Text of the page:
Table of Contents
International Journal of Atmospheric Sciences
Volume 2014, Article ID 508953, 8 pages
Research Article

Analysis of Droughts in the Central Region of South Africa and Their Association with SST Anomalies

Department of Civil Engineering, Central University of Technology, Free State (CUT), 20 President Brand Street, Private Bag Box X20539, Bloemfontein 9300, South Africa

Received 18 June 2014; Revised 1 November 2014; Accepted 3 December 2014; Published 25 December 2014

Academic Editor: Hui Wang

Copyright © 2014 Desalegn C. Edossa et al. This is an open access article distributed under the Creative Commons Attribution License, which permits unrestricted use, distribution, and reproduction in any medium, provided the original work is properly cited.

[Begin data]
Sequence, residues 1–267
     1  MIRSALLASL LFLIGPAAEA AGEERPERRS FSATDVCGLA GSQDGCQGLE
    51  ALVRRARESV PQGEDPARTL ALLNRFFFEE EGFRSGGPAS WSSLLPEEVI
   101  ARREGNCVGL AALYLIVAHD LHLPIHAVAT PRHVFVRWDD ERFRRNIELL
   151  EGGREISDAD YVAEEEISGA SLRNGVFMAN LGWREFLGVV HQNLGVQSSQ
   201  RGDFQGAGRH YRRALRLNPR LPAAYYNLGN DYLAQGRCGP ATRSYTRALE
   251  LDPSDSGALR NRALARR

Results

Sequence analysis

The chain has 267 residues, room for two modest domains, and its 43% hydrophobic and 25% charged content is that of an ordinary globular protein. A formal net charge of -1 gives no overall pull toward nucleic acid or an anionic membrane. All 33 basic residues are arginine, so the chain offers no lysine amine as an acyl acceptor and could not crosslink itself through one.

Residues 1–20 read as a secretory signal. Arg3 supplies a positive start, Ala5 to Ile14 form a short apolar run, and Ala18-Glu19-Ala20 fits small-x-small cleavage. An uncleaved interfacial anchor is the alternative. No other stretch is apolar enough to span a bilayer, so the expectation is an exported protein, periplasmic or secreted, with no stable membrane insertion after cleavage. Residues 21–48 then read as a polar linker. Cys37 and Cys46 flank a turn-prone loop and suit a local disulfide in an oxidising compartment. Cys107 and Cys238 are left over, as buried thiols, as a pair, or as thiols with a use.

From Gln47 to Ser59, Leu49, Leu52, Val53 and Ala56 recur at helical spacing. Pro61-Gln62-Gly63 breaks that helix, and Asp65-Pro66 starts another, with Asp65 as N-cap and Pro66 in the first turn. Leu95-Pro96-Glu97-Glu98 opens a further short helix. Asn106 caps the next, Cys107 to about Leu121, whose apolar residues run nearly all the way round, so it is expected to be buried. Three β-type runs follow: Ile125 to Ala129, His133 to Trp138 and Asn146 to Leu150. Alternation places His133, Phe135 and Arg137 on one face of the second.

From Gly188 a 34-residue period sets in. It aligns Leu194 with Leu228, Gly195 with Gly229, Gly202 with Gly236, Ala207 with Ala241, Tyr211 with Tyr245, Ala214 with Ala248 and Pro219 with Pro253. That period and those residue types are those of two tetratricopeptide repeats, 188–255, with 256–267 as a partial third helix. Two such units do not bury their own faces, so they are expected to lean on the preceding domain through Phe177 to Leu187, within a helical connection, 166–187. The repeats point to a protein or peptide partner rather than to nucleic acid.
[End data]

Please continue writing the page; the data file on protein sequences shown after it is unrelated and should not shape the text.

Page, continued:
The objective of this study was to characterise meteorological droughts in the Central Region of South Africa using Standardised Precipitation Evapotranspiration Index (SPEI) and to examine if there is a relationship between drought and El Niño events. The SPEI was used to quantify the precipitation deficit over time and space across the catchment for the time-scales that are important for planning and management of water resources. Based on 12-month time-scale, the total number of drought events identified in the area using SPEI ranged between 13 and 20 during the period of analysis (1952–1999). Considering the effects of event magnitude and duration as severity parameters, the most severe drought event was identified during 1973 followed by 1995 based on 12-month time-scale. Moreover, it was also found that the number of moderate, severe, and extreme drought events identified by SPEI follows increasing trend with decade during the period of analysis. Results of Spearman’s rank correlation test revealed that the trends exhibited by mild (SPEI-3 and SPEI-6), moderate (SPEI-12), severe (SPEI-12), and extreme (SPEI-3) drought categories are statistically significant at 5% significance level. The study also revealed that drought events in the central region of South Africa are preceded by El Niño events in the tropical Pacific (Nino 3.4) with an average lag time of 8 months between the onsets of the two events. It was found that hydrological drought events in the study area lag behind meteorological drought events with an average lag time of 7.4 months. Findings of this study can be used to forecast drought events in the area for the proper planning and management of water resources.